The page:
Big 12 commissioner Brett Yormark’s popularity both in Norman, Okla. and in Austin is now on the same level as the the most despised person in both communities, the designer of Interstate 35.
A little more than one week after Yormark intentionally/unintentionally shoved his right and left foot directly into his mouth, in Lubbock, he made a public appearance at another Big 12 university.
Not Texas. Not Oklahoma. He probably should skip those schools for the entire academic year.
On Friday, Yormark was in friendly Fort Worth on the eve of TCU’s first game, against future Big 12 member, Colorado.
Inside TCU’s Amon G. Carter Stadium on Friday afternoon, Yormark joined TCU athletic director athletic director Jeremiah Donati, chancellor Victor Boschini with Colorado AD Rick George and CU president Phil DiStefano to discuss the future of the Big 12.
A few hours after the ACC announced the Stanford, California and SMU will join its league next year, the Big 12 celebrated its own future.
“We feel like there will be less travel,” George said, a subtle shot at the future of the Big 10 and ACC.
Unlike last week when Yormark was in Lubbock, he’s not going to shrink his “Friend Group” with anything he said in Fort Worth.
Yormark made a few headlines, and more enemies, last week at a Texas Tech Red Raider event and said, “And coach (football coach Joey McGuire), I’m not going to put any pressure on you, but I’m going to be in Austin for Thanksgiving, OK? “And you’d better take care of business like you did right here in Lubbock last year.”
The comment caused Boomer Sooner nation and all things burnt orange to throw a hissy fit.
The fan bases of both schools, equally renowned for reason and self control, are only too sure this comment is an on-the-record confirmation that the league is “out to get” them both in this the final year of the Big 12 before they go to the SEC.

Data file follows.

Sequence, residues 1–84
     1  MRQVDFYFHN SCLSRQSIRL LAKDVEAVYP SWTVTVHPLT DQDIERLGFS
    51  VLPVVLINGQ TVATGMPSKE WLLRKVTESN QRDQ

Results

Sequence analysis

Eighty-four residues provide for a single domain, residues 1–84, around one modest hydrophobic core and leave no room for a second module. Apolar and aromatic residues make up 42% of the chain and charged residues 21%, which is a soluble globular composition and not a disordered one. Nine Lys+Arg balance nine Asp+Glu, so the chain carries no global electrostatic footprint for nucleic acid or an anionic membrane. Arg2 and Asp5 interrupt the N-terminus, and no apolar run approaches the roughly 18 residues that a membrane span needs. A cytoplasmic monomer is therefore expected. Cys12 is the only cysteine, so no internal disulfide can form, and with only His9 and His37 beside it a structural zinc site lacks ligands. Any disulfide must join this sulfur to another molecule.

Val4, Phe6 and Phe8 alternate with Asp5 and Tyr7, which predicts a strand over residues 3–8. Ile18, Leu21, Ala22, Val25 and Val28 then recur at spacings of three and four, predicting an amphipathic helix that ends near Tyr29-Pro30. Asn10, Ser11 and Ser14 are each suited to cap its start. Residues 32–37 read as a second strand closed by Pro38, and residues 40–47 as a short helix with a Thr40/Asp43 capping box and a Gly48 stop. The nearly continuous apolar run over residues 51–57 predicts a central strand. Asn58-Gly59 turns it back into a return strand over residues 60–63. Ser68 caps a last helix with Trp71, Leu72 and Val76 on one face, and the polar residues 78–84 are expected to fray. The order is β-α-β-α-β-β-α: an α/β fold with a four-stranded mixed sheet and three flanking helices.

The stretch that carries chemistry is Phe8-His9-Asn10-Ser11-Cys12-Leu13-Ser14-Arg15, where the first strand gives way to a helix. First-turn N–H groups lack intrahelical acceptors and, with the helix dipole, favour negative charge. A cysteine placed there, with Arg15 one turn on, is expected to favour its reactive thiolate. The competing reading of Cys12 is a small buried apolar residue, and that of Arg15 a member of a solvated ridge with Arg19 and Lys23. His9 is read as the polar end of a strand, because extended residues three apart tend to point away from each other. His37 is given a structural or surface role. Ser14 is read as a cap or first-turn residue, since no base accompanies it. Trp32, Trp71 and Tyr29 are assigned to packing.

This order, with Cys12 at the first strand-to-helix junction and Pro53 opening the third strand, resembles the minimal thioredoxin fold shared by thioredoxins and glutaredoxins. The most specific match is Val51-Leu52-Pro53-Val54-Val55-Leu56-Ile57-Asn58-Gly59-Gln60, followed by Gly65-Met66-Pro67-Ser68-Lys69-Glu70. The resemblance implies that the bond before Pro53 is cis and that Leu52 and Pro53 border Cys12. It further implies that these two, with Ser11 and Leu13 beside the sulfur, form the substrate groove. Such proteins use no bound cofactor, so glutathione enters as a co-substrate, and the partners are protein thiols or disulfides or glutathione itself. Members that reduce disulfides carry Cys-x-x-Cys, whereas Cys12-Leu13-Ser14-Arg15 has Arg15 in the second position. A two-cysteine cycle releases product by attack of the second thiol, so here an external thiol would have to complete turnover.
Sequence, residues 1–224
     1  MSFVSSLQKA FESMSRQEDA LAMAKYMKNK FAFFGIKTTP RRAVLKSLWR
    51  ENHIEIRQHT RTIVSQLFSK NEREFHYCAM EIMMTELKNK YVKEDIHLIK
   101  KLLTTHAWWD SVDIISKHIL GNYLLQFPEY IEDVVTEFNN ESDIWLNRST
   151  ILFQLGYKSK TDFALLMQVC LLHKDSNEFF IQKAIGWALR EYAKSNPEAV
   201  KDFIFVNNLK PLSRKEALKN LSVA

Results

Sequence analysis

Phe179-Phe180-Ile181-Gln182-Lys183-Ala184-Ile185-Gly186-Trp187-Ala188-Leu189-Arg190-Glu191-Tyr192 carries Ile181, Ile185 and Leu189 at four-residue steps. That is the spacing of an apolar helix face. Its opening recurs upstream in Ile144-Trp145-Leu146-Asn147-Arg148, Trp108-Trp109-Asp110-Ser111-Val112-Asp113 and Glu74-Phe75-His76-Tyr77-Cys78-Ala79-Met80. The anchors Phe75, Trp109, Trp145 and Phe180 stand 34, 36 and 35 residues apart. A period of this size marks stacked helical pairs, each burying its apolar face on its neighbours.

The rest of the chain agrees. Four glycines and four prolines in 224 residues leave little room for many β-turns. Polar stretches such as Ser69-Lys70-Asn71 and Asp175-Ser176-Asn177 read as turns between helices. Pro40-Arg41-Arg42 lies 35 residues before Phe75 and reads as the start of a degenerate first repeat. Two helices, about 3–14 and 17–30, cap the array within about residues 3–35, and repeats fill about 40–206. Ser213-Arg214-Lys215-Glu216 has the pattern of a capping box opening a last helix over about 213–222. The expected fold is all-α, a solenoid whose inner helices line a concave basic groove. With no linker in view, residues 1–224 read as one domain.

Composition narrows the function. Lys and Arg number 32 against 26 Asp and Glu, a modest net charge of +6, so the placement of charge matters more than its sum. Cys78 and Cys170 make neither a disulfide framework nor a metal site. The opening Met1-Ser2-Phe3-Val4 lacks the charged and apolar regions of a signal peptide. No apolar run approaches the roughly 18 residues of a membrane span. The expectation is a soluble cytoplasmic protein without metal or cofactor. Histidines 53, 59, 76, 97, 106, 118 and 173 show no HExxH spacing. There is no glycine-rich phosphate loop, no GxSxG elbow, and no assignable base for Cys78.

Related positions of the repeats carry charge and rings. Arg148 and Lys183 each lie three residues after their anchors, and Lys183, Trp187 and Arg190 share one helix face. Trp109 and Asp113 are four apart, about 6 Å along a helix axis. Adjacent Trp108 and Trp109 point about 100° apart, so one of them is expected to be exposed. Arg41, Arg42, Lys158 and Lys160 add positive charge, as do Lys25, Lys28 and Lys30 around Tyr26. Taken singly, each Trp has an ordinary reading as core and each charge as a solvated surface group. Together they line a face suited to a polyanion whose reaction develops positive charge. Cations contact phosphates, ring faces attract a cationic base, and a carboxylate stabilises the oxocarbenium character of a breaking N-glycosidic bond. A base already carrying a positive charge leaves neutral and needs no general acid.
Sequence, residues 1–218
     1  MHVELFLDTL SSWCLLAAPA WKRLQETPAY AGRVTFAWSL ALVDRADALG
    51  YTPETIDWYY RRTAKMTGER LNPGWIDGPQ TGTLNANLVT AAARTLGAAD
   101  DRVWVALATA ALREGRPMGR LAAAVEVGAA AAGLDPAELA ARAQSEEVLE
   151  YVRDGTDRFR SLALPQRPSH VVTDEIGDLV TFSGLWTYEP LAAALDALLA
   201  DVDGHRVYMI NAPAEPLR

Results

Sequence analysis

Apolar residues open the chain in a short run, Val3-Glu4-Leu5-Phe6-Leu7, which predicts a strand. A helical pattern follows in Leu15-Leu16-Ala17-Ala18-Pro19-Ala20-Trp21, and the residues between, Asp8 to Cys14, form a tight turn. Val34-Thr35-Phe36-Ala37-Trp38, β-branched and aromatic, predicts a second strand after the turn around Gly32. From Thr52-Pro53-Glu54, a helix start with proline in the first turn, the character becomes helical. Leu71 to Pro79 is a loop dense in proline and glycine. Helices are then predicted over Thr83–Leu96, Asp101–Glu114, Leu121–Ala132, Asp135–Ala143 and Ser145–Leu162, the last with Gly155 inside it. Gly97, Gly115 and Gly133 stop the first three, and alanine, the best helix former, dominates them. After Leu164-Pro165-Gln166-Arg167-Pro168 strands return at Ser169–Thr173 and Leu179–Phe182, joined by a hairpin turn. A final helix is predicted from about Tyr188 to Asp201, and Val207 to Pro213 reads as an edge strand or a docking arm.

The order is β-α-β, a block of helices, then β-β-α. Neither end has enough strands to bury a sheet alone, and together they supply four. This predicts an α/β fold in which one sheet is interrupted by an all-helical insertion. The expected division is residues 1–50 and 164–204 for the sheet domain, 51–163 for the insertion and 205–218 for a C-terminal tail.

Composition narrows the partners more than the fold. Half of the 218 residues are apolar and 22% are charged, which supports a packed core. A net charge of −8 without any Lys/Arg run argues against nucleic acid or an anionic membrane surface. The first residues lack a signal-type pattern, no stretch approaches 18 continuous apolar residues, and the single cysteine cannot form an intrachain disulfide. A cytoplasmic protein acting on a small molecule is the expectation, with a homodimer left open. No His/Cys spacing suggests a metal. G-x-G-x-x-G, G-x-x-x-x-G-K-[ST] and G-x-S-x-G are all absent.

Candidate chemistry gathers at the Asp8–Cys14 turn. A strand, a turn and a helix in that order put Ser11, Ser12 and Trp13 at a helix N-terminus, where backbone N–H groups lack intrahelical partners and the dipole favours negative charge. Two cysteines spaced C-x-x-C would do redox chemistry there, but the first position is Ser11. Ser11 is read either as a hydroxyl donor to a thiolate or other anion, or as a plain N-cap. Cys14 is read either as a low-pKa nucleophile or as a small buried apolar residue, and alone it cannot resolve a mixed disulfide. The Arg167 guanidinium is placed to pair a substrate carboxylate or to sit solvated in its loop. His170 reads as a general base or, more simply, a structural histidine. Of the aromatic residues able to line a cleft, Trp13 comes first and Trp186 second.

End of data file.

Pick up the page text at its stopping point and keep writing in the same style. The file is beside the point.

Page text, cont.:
Texas coach Steve Sarkisian told the local media in Austin, “I got a letter from the commissioner about sportsmanship the day before that speech. So, I’m trying to figure out about what are we promoting to our student-athletes and then to go say those types of things.
“I’m not guessing he’s gonna have his Thanksgiving dinner with us the night before that game.”
On Friday in Fort Worth, Yormark didn’t step back from his comments.
“The only thing I would say about my comment last week is I learned many years ago that you speak to your crowd and you have fun,” Yormark said. “I think college football is all about having fun, and I was having fun. That’s pretty much it.”
According to people familiar with this, the leadership at the respective schools didn’t think much of Yormark’s comments, and put zero stock into the idea that the league is out to “get them.”
His response is a perfectly reasonable answer, in Fort Worth, Waco, Ames, Lawrence, Manhattan, Lubbock, Morgantown, etc.
It’s a perfectly horrible answer in Austin and Norman.